Creating effective systems of principal support 

on Feb 29, 2024

Metro Nashville Public Schools (MNPS), led by Dr. Adrienne Battle, is one of the nation’s largest school districts—serving more than 80,000 students across 158 schools. MNPS’s central office–called the Support Hub in recognition of the office’s role in supporting and empowering students, staff, and schools–serves as a crucial link to student success through their direct work with school leaders. MNPS central office leaders understand the crucial role school leaders play. The district’s Executive Director of Schools Playbook, which guides principal support, states, “How we agree to spend our time, coach our people, and organize our work has never been more paramount to the district’s success than it is now.”

Creating sustained leader practices that result in more equitable outcomes for students requires a commitment to professional learning, an understanding of the context in which the learning occurs, and ongoing support at the central office level. This year CEL is working with a division of the Support Hub, Schools of Innovation (SOI), to help support these types of practices.

The SOI team takes a systematic approach to working with both principals and assistant principals, starting with professional learning. Specifically, leaders are participating in CEL’s Instructional Leadership Academy. Through this onsite, multisession academy, leaders hone their observation skills, refine their feedback practice, and consider implications for teacher professional learning.

Oftentimes, professional learning for leaders can feel disjointed and overwhelming. Connecting professional learning to clearly articulated leadership practices such as those outlined in the MNPS executive and school leader playbooks, has eliminated the “whiplash” leaders may have experienced in the past. Dr. Cortney Crews, Coordinator of Instructional Support at MNPS, said, “Everybody’s talking about [instructional leadership practice] the same way… it’s very much helped us calibrate [so that] they can have conversations with each other.”

How leaders implement new skills and practices gained through professional learning and make sense of these within their school’s context is crucial. Dr. Crews explained the importance of balancing her instructional lens with the executive director’s keen understanding of the role and demands of principals and assistant principals. Her approach to support is centering instruction while asking, “How do I make it palpable for a principal who has 1,000 other things?”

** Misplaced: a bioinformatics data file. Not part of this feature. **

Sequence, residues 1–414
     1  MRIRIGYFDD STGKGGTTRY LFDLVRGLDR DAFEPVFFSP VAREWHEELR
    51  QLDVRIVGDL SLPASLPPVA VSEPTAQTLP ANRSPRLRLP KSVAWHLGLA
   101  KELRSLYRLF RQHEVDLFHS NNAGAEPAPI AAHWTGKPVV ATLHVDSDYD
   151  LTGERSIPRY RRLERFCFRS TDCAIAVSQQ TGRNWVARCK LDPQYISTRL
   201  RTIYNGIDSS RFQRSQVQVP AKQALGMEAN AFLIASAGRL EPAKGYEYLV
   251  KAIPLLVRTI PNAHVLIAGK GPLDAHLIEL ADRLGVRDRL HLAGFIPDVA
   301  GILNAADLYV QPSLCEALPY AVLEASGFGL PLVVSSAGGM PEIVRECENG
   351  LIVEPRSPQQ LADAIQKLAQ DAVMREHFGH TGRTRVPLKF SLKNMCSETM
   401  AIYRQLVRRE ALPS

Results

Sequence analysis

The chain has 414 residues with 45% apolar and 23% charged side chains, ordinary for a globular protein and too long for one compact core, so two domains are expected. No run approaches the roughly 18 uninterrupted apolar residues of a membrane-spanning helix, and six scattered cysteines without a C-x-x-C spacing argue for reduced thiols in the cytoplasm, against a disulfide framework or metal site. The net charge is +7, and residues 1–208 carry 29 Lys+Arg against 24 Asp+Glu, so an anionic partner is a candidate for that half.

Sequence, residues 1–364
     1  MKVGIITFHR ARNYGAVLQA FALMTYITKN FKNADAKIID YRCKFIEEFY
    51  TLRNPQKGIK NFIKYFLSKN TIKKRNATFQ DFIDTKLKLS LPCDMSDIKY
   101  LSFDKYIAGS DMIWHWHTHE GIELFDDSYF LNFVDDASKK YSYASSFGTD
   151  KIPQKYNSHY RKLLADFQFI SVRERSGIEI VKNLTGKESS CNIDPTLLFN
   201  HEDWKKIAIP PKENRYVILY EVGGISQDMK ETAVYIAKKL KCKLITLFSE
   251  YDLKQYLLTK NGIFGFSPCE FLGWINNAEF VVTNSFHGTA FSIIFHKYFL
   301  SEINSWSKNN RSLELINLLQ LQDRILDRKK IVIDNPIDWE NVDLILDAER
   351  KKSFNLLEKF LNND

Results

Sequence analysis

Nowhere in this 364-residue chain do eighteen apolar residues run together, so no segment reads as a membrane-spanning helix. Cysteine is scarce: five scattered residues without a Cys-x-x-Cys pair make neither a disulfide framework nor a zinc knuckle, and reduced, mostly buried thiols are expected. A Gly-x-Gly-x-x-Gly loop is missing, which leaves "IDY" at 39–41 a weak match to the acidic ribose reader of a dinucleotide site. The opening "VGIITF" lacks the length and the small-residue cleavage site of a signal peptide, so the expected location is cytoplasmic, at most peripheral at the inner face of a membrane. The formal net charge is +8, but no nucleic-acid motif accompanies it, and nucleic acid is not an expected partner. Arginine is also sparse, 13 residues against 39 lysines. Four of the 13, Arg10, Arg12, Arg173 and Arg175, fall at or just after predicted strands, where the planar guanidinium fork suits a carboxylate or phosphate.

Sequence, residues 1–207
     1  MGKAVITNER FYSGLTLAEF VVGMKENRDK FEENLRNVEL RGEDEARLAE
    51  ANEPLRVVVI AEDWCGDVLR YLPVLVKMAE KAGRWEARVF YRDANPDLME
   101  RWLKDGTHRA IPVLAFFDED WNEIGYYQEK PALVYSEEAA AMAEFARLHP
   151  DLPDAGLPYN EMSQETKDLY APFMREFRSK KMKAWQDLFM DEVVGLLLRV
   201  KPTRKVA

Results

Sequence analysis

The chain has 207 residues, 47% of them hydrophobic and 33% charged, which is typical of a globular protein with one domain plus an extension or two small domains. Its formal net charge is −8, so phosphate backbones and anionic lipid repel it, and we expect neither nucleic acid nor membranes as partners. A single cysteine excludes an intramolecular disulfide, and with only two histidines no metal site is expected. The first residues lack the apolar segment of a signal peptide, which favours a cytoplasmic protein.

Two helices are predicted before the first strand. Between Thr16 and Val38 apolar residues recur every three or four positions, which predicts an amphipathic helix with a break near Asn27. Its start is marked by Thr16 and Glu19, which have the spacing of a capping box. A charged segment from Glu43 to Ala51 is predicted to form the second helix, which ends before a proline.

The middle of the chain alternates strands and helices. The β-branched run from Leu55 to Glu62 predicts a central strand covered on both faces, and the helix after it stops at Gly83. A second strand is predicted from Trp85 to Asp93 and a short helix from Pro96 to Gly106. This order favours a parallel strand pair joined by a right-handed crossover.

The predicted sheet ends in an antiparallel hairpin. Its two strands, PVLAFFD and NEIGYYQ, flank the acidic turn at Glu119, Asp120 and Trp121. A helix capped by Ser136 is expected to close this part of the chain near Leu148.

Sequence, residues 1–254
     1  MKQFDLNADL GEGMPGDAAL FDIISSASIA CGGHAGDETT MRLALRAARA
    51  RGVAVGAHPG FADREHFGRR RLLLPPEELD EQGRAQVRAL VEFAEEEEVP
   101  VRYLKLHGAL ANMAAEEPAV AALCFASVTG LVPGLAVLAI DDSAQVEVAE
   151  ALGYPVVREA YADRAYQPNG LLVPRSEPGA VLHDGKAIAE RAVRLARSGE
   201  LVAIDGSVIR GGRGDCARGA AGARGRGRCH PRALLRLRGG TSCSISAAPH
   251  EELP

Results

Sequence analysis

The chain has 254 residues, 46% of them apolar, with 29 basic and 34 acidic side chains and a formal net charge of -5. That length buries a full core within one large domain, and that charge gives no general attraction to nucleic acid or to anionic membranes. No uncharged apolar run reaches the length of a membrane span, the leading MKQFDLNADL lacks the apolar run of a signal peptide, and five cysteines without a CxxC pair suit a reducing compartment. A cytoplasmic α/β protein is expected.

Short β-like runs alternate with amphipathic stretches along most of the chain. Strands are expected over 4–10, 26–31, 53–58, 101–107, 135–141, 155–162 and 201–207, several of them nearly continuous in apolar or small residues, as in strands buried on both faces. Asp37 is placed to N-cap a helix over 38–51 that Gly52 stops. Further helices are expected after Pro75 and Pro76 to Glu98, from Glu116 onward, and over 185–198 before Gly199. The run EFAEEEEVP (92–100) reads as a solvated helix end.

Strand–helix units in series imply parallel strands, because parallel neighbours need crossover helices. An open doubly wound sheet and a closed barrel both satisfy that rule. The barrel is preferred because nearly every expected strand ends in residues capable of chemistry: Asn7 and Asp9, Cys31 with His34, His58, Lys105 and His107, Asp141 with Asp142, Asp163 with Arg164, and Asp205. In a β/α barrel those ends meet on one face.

At MNPS, Support Hub leaders provide ongoing coaching to school leaders that is aligned with the skills and concepts explored in the Instructional Leadership Academy such as gathering evidence of teaching and learning aligned to a specific focus area.

For example, when walking classrooms, Dr. Crews models how to collect good data and press on leader observations. She explained: “It’s really pushed principals to talk about what students are doing in classrooms rather than [just the] teacher practice… it has pushed them to be more specific about what it is they’re saying [about] what is happening in their classrooms, for kids, in reference to their vision.” Dr. Crews described how this specificity around the “current state” has led to more focused conversations about next steps for teacher learning.

As a result of these coordinated efforts, Dr. Crews notes that there are some bright spots of specific, sustained changes in teacher practice, leading to more authentic student engagement and improved quarterly benchmark performance. The recent Education Recovery Scorecard research, led by Harvard and Stanford universities, supports the gains MNPS is making.

When district leaders coordinate professional learning aligned with district-wide objectives as well as support and coach leaders in implementing the learning, school leader practices are transformed resulting in tangible change for students. Creating a coherent system of support to ensure school leaders continually develop knowledge, skills, and mindsets to ensure all students thrive is not easy, but the leaders of MNPS are working to do just that, one step at a time.

About the author

Lisa Rooney serves as a director for the University of Washington Center for Educational Leadership. She leads and facilitates the development and integration of frameworks into CEL lines of service. She also leads services related to the 5 Dimensions of Teaching and Learning™, the 5D+™ Rubric for Instructional Growth and Teacher Evaluation, the 4 Dimensions of Instructional Leadership™, and the Measures of Instructional Leadership Expertise (MILE™). She has fifteen years of public school experience, as an elementary teacher, teacher leader, literacy coach, and administrator. In 2005, she was part of the founding team of Gabriella Charter School, an award-winning K-8 school, in Los Angeles. Lisa is passionate about working to end the achievement and opportunity gaps that exist in education.
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